Page last updated at 17:26 GMT, Thursday, 5 February 2009

The refinery dispute's lasting effects

Protesters at Lindsey oil refinery, 2 Feb

By John Moylan
Business correspondent, BBC News

The dispute over the use of foreign workers at the Lindsey oil refinery may be over.

But its resolution has raised concerns over the rules on employing foreign staff and has led some to warn of more troubles ahead.

For the owner of the refinery, French oil giant Total, it means work can now resume on the extension to its existing refining capacity.

The company will not put a figure on the cost of the dispute, but work was held up for more than a week. The project is due to be completed by the end of the year.

Under the terms of the deal, brokered between Total, its subcontractors and the main unions, 102 new jobs will be created and advertised locally through a subcontractor.

Total expects that the vast majority of the jobs will go to local people.

New principle?

The main unions believe the Total dispute has established the principle of fair access for UK workers to jobs on UK building projects.

They regard the sector as a key battleground, aware that the UK is embarking on several major projects, not least a new generation of nuclear power plants.

That is why on Thursday they stepped up their campaign and switched attention to the French construction giant Alstom, which is currently building three new power plants in the UK.

Meanwhile, the construction industry, which has been at the centre of the dispute, this week revised its guidance to employers.

The Engineering Construction Industry Association has updated its advice, recommending that both UK and foreign workers be given equal opportunities when it comes to advertised jobs.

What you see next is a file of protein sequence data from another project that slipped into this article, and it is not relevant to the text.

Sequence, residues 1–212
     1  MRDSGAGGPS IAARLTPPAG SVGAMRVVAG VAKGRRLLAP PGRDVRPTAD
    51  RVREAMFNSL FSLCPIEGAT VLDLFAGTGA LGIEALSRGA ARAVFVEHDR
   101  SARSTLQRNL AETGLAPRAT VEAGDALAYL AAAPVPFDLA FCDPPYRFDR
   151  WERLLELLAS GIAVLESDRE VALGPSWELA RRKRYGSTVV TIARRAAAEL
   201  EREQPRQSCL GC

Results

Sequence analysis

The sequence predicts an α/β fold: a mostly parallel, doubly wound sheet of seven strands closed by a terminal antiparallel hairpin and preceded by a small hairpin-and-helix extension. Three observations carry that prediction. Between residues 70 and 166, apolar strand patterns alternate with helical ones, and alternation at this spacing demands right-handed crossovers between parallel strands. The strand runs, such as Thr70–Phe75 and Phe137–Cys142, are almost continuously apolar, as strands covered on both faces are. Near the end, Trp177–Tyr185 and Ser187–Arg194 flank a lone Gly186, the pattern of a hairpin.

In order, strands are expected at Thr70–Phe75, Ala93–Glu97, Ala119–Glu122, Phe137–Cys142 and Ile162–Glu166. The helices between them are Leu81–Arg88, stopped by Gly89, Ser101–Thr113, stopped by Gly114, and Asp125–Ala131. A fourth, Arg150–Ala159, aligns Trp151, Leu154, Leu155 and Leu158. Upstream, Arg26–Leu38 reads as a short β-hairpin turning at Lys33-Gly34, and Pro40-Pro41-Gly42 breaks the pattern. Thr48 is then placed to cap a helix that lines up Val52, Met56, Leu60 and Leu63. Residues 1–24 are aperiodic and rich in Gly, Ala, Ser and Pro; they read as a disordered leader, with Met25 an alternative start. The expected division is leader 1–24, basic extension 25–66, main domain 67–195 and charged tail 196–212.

Legal matters

But the resolution has left some wondering where this leaves European Union law.

Under the EU's Posted Workers Directive, foreign workers can be brought in on a temporary basis, as long as they enjoy the same rights and pay as their local counterparts.

Total and its sub-contractors were therefore working well within the law when it gave a contract to an Italian company who intended to bring in some Italian and Spanish staff to carry out the work.

Unions argue, however, these rules have long been abused, with foreign staff undercutting the pay rates of UK workers.

But it is the fact that such contracts deny UK workers the right to apply for jobs that sparked the recent protest.

There are signs that the disputes in the UK, combined with unrest seen elsewhere in Europe, may be forcing politicians and policymakers to look again at how the regulation works.

The European Commission on Wednesday night confirmed that it had commissioned studies "to better understand the impact of the directive on the ground and the consequences of European Court rulings".



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